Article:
The newly remodeled kitchen and large classroom area will also allow students to hold gatherings there and host events, she said.

Filed under: Local Good News Education
This story has no comments

Add a comment

Help special needs kids while eating pancakes

HopeKids Outreach in Muskogee is a nonprofit that offers parenting classes and a private school-setting special needs class.

The organization is hosting a fundraiser at Applebee's this Saturday from 8 a.m. to 10 a.m. for special-needs children.

"We integrate the kids with other kids, but we have a separate classroom for them to learn," Kelly Bolding, a teacher at the group said. "We also have parenting classes."

The group runs on a shoestring budget of less than $1,000 per month, Bolding said.

"We try to do as many fundraisers as we can to support it."

Tickets are $7 at Applebee's, and include pancakes, sausage and orange juice.

Filed under: Local
This story has no comments

Add a comment

Comments to be offline tonight

We will be upgrading our comments system tonight, so comments will be offline until we are done.

So if you have something to say, say it now.

Comments should be back before tomorrow.

11 p.m. UPDATE: I'm very tired; I've been working all day on this, and it may take a bit longer than anticipated. Because of spammers, who are scum of the earth, I have to find a balance between making it easy for you to comment and difficult for their automated programs to comment.

I'm adding some much-requested features while I'm at it, including passwords, which will enable you to edit or delete your own comments. I've already fixed a bug that caused comments to be dropped when commenters logged out and then logged back in. The new comments system will enable the page to load a LOT faster, too.

All that said, it takes a lot of time, and there's only so much time I can take away from my family, so I'll work on this again tomorrow.

Filed under: Local
This story has no comments

Add a comment

Harmonious women to sing here

Take a Dixie Chick, add two other Cherokee singers and you get The Cherokee Maidens, a musical group that creates a distinctive sound hearkening back to another era.

The Oklahoma Music Hall of Fame will host The Cherokee Maidens on November 6 at 7 pm at The Frisco Depot, 401 S. 3rd in Muskogee.

These maidens have more in common than just their Native American heritage. They share a love for old dogs, spicy Tex-Mex, crocheted pillowcases and harmonic melodies.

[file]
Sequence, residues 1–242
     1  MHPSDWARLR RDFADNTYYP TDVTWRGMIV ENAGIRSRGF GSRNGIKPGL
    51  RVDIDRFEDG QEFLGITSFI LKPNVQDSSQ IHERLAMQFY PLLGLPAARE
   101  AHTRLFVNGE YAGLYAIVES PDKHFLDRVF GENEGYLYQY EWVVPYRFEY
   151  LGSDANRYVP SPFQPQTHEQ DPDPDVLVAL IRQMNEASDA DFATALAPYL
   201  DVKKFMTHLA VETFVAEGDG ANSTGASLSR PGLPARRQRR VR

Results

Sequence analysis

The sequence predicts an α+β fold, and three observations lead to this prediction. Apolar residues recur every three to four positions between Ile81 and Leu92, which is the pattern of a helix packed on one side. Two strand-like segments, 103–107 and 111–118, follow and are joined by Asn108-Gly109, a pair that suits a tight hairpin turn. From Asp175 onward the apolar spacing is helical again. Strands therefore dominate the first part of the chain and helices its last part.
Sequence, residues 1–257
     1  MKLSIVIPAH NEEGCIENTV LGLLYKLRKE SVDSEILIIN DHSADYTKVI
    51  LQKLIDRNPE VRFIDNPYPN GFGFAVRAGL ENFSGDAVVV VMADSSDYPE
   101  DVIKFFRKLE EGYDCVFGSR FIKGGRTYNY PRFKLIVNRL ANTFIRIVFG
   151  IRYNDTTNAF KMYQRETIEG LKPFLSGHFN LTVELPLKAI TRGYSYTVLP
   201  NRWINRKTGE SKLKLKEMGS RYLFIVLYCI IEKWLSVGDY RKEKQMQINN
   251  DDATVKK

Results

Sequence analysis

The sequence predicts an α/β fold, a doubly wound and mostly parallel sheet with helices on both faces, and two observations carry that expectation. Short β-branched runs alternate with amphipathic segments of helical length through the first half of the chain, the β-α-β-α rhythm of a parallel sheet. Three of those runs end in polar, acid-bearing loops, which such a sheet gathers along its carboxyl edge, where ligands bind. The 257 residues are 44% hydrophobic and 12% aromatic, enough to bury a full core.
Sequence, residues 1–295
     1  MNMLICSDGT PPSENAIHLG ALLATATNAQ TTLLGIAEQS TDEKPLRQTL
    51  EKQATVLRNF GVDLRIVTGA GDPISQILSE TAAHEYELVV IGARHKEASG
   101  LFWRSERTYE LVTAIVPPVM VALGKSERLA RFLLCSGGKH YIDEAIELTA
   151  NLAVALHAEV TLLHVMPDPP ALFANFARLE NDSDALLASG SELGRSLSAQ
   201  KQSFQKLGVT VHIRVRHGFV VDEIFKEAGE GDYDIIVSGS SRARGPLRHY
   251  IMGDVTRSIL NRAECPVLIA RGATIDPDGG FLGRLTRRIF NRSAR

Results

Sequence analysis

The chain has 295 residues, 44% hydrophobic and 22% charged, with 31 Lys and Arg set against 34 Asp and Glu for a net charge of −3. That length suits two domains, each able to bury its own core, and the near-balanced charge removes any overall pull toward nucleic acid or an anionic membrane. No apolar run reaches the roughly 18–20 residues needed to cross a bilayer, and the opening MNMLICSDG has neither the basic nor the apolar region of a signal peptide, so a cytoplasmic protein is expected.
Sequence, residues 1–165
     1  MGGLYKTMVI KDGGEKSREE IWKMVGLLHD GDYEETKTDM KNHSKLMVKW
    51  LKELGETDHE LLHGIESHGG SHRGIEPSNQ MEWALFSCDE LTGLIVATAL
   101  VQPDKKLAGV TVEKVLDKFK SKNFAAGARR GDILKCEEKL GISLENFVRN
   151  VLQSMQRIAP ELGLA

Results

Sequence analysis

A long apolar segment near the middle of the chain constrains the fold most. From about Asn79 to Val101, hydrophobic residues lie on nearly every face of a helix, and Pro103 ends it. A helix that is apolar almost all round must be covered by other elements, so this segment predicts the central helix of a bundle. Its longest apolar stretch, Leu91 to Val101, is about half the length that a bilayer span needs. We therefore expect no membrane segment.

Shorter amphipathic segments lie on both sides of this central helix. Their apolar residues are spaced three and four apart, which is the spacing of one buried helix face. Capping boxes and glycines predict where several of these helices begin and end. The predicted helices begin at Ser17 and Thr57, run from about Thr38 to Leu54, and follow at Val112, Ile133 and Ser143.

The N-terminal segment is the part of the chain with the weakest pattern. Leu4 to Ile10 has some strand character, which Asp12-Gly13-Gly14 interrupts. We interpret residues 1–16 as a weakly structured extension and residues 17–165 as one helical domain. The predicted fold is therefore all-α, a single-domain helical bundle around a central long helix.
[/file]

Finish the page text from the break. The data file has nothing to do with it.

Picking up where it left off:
Young Jennifer Petterson teams up with Okie songbird Monica Taylor and Bartlett Arboretum steward Robin Macy. Think Bob Wills meets the Andrews Sisters.

This is familiar territory for Macy, who has performed for decades with other girl groups, some more famous than others; Macy is best known as a founding member of The Dixie Chicks.

Each maiden is a songwriter - Taylor has been featured on Garrison Keillor's A Prairie Home Companion. All have acclaimed recordings under their rodeo belt buckles, but it is this collective timbre and shared passion for the past that sets them apart from the pack and unites them as a tribe.

Tickets are $15 in advance and $20 at the door. For advance tickets go to: www.eventbrite.com.

Refreshments will be served and all ages are welcome.

Filed under: Local Entertainment
This story has no comments

Add a comment

Finish this 5K before you start. Really.

If you've ever wanted to travel back in time, there's good news: you don't have to go 88 miles per hour. You can simply jog - or even walk fast - at the Back to the Future 5K on Nov. 2 at Hatbox Field.

Because the race begins at 1:50 a.m., time "falls back" an hour due to Daylight Saving Time, so you'll finish the race before you started it.

The event will have lights, a DJ and food available, as well as a viewing of "Back to the Future" on the side of one of the old hangar buildings during the run.

Half of this year's proceeds will go to Bobby and Debbie Lipscomb, missionaries with Baptist Collegiate Ministries for more than 35 years. Debbie Lipscomb was recently diagnosed with an aggressive form of cancer of the brain and had a tumor removed earlier this month.

You can register for the run at the run's web site.

Filed under: Local Good News
This story has no comments

Add a comment

Shooting suspect arrested

A suspect has been arrested in yesterday's shooting of Darian Jefferson, 40, of Muskogee.

The suspect, Shawn Gandy, is in the Muskogee County Jail on a count of shooting with intent to kill.

Police believe he and Jefferson were having an argument that turned physical, before Gandy produced a .40 caliber handgun and shot Jefferson once in the chest.

Jefferson and Gandy are believed to be cousins. Gandy was at the scene when police arrived but denied any knowledge of how the shooting took place. He later turned himself in and was arrested.

Filed under: Local Crime
This story has 3 comments
, on , said:

, on , said:

, on , said:

Add a comment

Tulsa legends to play Hall of Fame induction concert

More than 25 legendary Tulsa musicians will gather on the Cain's Ballroom stage Saturday, November 1 to pay tribute to the Oklahoma Music Hall of Fame class of 2014 inductees. The induction concert, which starts at 8 pm, will feature performances by area Tulsa Sound artists as well several of the 2014 inductees.

The Oklahoma Music Hall of Fame 2014 class of inductees are: Elvin Bishop, Jim Keltner, Chuck Blackwell, JJ Cale (posthumous) and Lowell Fulson (posthumous).